Facebook’s Secret Conversation Worries Officials

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Facebook has started offering users the option of securing their messages with end-to-end encryption. This new service will allow the social networking giant’s more than a billion account holders, including jihadist and terrorist groups, to message one another below the radar of law enforcement surveillance, reports The Washington Times.

Facebook's Secret Conversation Worries Officials

Encrypted messaging for the masses

Announcing the feature, the company explained in a blog post, “That means the messages are intended just for you and the other person — not anyone else, including us.”

In a statement, Facebook said the Secret Conversation feature was slated to be deployed to select users on Friday, followed by a wider rollout later this summer. The social networking giant, by implementing end-to-end encryption, aims to give its users a way of communicating over the proprietary Messenger application in a manner that no one can decipher the correspondence between the recipient and the sender. This feature is alarming for law enforcement officials.

A previously released communication protocol called Signal is used for the secret conversation function. Signal is free and open-source software and can be used by anyone. Signal has been implemented by other messaging platforms, including Google Allo, WhatsApp, and an eponymous encryption app released in 2014.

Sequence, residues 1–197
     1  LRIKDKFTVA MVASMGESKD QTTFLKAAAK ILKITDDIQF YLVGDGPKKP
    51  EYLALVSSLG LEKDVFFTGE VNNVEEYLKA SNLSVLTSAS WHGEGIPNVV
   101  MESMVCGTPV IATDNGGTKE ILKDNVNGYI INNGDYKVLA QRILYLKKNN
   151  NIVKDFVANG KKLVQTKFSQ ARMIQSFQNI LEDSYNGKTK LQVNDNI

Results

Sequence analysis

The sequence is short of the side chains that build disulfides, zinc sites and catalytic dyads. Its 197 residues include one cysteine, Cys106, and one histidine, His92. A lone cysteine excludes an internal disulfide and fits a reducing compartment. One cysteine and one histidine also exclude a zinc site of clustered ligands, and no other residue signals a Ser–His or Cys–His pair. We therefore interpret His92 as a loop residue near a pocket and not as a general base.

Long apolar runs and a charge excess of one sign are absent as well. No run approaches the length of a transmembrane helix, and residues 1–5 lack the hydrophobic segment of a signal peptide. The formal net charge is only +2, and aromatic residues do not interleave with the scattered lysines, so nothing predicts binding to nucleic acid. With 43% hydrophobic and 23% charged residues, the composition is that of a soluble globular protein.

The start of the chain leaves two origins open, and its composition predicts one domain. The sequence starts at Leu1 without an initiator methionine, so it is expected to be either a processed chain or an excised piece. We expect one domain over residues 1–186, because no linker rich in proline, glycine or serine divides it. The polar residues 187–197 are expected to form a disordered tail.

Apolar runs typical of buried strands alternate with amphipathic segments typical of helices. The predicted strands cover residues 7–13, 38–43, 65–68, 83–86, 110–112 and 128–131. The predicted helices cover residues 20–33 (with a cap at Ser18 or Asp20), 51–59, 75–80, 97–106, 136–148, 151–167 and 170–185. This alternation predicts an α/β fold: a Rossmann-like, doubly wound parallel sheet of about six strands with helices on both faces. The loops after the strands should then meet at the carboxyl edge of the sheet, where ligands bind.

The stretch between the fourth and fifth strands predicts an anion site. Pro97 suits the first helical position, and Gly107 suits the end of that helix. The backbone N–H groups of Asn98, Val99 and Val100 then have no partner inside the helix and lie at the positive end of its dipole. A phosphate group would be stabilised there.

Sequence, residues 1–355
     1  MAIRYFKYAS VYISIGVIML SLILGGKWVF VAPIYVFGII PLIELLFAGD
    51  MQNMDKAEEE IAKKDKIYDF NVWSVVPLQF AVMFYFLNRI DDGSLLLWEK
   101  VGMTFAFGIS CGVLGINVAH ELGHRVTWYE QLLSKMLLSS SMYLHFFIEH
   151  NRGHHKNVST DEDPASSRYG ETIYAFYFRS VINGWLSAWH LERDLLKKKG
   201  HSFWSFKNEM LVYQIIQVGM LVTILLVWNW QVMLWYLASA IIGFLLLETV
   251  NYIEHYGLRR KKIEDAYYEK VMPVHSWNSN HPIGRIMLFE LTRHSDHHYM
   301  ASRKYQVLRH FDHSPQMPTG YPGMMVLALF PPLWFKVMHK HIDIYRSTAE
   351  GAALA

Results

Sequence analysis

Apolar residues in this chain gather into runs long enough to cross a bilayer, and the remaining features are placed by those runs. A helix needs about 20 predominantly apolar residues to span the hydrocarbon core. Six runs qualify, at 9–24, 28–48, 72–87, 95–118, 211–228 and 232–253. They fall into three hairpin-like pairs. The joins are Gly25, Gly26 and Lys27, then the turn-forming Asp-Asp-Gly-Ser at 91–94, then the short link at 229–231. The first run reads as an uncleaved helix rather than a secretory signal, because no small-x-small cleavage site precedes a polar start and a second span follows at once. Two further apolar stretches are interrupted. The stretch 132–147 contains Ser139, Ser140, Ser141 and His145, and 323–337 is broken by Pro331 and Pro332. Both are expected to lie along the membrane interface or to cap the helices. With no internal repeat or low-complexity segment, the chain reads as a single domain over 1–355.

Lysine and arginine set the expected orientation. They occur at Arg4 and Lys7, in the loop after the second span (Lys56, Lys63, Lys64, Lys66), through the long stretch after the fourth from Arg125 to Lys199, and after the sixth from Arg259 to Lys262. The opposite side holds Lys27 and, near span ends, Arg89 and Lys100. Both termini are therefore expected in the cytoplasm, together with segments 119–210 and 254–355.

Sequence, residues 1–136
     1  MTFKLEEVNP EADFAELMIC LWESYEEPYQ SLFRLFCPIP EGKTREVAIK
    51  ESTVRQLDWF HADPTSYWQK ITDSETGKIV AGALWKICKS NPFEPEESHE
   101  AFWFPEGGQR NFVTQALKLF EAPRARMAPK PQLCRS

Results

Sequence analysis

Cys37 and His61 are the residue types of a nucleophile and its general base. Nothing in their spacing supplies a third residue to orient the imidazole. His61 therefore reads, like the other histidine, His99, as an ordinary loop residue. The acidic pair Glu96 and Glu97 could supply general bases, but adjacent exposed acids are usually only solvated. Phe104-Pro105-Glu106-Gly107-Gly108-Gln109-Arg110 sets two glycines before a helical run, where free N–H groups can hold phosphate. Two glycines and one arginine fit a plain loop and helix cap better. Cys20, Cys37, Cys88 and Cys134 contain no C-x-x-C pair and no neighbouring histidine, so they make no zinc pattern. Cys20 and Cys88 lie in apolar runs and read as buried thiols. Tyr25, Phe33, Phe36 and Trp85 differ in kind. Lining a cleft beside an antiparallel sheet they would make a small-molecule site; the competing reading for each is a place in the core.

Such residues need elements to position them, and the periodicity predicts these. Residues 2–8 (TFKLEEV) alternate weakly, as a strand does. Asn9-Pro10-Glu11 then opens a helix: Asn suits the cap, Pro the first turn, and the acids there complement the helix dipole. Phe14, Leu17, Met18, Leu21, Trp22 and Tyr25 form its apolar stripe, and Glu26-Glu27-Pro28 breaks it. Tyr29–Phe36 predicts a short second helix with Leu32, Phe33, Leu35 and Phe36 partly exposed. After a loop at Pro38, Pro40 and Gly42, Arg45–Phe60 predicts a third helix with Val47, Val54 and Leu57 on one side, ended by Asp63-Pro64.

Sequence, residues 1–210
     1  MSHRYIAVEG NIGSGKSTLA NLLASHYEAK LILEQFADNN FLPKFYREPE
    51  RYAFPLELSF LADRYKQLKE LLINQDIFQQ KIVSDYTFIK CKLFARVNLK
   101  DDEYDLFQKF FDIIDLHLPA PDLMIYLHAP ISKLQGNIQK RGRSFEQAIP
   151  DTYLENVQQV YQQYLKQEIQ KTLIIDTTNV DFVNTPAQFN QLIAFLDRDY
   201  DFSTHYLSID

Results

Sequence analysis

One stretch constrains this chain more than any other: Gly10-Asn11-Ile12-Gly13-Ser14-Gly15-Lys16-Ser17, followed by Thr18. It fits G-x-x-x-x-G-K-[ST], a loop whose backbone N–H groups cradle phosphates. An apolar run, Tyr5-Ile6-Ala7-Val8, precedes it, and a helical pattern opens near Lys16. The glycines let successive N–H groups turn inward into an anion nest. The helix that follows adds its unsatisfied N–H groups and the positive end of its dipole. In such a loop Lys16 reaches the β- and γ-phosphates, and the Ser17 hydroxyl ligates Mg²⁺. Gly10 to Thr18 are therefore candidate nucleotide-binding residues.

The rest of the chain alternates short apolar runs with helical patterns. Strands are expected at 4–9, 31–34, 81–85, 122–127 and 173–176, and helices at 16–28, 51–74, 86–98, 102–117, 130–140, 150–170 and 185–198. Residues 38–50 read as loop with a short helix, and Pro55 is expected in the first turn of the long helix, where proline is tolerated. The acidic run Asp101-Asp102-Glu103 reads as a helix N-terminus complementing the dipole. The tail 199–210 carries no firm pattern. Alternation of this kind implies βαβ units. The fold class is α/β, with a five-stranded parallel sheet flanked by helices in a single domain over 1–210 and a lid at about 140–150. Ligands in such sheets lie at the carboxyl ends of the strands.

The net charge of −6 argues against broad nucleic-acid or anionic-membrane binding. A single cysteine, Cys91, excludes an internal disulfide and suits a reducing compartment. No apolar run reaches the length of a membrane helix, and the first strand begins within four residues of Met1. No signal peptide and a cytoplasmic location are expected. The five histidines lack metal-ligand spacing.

Facebook inherited a popular messaging service upon acquiring WhatsApp messenger in 2014 for roughly $19 billion. In April, WhatsApp deployed end-to-end encryption to its users, and now, with Facebook joining, the two could provide a good share of the connected world with the option of communicating in secrecy.

John Hopkins computer scientist and cryptologist Matthew D told Wired magazine in an interview, “This is just a huge number. It brings access to encrypted messaging to nearly a billion more people.”

Issues facing Facebook

Law enforcement agencies have been against end-to-end encryption, especially after the San Bernardino terrorist attack in December. The digital security measures used by the slain shooter prevented authorities from easily accessing his iPhone.

Recently, after Facebook failed to aid authorities in deciphering communications related to an international narcotics investigation sent over WhatsApp, the Brazilian government froze $6 million in funds belonging to the social media giant.

Along with the opposition, Facebook will also have to overcome technological limitations. The technology that allows end-to-end encryption is compelling the company to offer its Secret Conversation feature through its Messenger app only, and the functionality is limited to just one device, which means messages encrypted and sent using a smartphone will not be legible to its writer if viewed from a web browser or any platform other than the same mobile device.

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